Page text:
‘Yes, I know, poppet. Not much fun for you, is it, all these strangers over the house?’

Not much fun for the birds in the aviary, either. Furious that her territory had been usurped, Drusilla had vented her spleen by taking up sentry duty on top of the bird house. There were several advantages here. First, she was out of range of cat-strokers, although in truth these were few and far between. (Those individuals who’d naively imagined that Drusilla would benefit from their endeavours reeked of the opobalsam with which their wounds had been dressed.) Secondly, from her lookout on the top of the aviary, Drusilla maintained the territorial advantage in that she could still follow everything that went on in her domain. And thirdly, and by far the most rewarding, was the effect her presence had on the aviary’s twittering inmates.

‘Prrrrrr.’

As Claudia’s nails raked Drusilla’s backbone, she glanced across to where Caspar was putting the cast through their paces. The squawking in the aviary had subsided as the birds regrouped and preened their ruffled feathers, so that the words of the castrato came as sweet and clear as a mountain stream. Accompanying him on the flute was Renata.

‘Prrrr,’ Drusilla repeated, rubbing her head under her mistress’s chin.

‘I know,’ Claudia replied. ‘Isn’t his the voice of an angel? And just look at Felix!’

The bleached blond had reached the point in his balletic mime where Paris was weighing in his hand the golden apple engraved ‘To the Fairest’. That one human body could express so many emotions without the aid of speech was utterly amazing. Fear: of snubbing at least one, possibly two goddesses at the risk of divine retribution. Pride: the privilege of being asked to judge the contest. Anxiety: that he might make the wrong decision. Nor was Claudia the only person mesmerized by Felix’s performance. No mosaic had been swept more meticulously, no bronze statuette ever polished harder, no niche and crevice dusted quite so often. Small wonder the boiler house had set off so much steam, with no one in there to attend the fire.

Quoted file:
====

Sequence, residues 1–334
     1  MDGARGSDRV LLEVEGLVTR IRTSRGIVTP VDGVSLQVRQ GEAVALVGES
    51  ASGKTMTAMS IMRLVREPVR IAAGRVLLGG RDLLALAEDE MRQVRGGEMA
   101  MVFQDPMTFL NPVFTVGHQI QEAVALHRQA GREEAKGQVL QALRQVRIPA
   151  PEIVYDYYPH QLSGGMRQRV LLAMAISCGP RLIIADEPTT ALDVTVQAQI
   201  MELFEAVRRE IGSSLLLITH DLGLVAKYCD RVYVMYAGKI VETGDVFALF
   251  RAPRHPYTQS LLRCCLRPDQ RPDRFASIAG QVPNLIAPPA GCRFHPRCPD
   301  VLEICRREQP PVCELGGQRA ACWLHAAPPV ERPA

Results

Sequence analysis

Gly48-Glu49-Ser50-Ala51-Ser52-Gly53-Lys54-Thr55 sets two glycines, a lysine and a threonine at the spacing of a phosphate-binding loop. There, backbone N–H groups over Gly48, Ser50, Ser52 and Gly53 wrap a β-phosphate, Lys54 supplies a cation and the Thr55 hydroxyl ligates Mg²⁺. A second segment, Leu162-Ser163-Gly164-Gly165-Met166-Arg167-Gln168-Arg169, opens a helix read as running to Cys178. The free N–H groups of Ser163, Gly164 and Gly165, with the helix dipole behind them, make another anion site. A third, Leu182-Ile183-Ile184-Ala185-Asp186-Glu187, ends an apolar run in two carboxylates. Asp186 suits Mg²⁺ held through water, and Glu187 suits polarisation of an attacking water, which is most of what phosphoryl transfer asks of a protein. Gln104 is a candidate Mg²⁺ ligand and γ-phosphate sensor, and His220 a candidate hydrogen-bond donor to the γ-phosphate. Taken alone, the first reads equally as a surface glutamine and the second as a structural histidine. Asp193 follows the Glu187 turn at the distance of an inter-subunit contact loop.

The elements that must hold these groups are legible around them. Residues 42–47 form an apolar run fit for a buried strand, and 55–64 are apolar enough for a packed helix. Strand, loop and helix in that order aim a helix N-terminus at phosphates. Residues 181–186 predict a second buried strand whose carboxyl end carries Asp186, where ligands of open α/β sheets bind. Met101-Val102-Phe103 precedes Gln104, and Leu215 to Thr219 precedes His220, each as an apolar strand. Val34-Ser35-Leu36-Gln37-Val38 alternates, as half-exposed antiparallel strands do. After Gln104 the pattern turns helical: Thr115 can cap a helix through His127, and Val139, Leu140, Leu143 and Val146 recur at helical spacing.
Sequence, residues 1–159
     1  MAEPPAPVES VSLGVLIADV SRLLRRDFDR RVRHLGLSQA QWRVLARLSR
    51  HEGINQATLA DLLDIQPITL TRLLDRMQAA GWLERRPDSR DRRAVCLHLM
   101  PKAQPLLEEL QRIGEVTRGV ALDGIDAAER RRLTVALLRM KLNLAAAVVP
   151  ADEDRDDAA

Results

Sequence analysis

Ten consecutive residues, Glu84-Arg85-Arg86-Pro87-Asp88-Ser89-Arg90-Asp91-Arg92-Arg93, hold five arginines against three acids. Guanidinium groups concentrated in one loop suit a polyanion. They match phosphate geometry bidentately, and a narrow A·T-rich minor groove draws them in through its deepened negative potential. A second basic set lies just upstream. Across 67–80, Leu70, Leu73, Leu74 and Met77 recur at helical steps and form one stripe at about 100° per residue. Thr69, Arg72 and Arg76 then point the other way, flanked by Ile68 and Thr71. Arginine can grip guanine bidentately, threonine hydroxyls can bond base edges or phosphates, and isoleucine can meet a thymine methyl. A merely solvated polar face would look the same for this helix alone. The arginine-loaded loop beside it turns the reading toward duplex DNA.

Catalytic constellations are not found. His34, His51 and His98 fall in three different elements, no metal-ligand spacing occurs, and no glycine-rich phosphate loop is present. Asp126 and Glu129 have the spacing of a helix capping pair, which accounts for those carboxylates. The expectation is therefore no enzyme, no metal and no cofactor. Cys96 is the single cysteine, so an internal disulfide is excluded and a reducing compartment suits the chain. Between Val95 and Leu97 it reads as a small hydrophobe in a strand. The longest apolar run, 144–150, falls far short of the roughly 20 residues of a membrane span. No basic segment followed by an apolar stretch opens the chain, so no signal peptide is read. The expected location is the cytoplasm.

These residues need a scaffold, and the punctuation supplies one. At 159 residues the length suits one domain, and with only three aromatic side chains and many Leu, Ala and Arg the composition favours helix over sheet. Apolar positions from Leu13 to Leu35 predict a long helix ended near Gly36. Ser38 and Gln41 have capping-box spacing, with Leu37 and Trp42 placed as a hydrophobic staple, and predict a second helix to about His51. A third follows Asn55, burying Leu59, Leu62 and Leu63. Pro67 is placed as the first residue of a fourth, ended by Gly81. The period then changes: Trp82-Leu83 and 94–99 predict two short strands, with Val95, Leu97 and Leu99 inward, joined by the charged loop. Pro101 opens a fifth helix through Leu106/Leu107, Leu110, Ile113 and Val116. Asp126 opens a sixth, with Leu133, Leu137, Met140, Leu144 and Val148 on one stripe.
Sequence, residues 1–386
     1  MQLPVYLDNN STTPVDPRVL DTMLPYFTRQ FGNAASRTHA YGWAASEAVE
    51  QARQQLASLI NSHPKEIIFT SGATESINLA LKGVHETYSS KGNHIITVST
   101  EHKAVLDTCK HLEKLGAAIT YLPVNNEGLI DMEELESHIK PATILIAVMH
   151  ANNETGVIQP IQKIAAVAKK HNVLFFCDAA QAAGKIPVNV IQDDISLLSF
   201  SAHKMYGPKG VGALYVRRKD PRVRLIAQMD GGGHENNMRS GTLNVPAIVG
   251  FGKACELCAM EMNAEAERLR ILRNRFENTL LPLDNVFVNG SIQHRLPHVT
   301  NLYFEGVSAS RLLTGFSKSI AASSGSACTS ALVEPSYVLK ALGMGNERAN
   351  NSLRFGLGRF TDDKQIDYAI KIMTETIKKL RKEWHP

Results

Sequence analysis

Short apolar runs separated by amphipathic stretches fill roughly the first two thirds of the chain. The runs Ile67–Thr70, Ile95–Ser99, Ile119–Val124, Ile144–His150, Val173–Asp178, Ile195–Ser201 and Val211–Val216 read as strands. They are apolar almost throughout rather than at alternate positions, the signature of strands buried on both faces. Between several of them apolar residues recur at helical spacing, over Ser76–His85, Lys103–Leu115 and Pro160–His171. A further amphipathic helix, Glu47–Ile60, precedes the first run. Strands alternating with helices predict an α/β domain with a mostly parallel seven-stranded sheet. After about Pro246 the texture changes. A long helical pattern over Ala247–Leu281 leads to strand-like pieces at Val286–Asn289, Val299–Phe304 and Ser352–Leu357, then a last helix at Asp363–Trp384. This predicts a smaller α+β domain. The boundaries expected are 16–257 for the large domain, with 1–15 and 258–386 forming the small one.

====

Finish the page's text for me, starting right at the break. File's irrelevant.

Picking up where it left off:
Claudia took a piece of bacon that Doris had left on his trencher and fed it to Drusilla, while she drank the libation from the household shrine (and now the slaves would have another excuse to pass through the atrium slower than a sleeping snail) and nibbled on Ion’s chive bread.

‘Mrrr.’

Stuffed with ham, plus a few prawns that her mistress had found underneath the chive bread, Drusilla rearranged herself round Claudia’s neck to wash her whiskers. Up on the gallery, Ugly Phil appeared to be chiselling lumps out of the support rails to secure the pulleys for the backdrops. Claudia tried not to think about the cost of repairs, and turned her attentions to her Saturnalia banquet.

The festival covered four full days from the seventeenth to the twentieth of December, with the morning of the seventeenth devoted to the Great Sacrifice outside the Temple of Saturn in the Forum. Schools, law courts, even shops closed on this day, and the whole of Rome gathered to propitiate the God of Agriculture in the hope that the seeds already in the ground plus those about to be sown would flourish into a bountiful harvest. Afterwards, many citizens would join in the famous public banquet, where they’d dress up in funny hats, gorge themselves stupid, drink until they were ill, play party games and generally have a bloody good time. The merchant and noble classes celebrated in pretty much the same style, only they had the good sense to do it in the warmth and comfort of a private home. Preferably not their own. Otherwise, how could they expect to collect five to six pounds of silver plate from every supplier?

BOOK: Second Act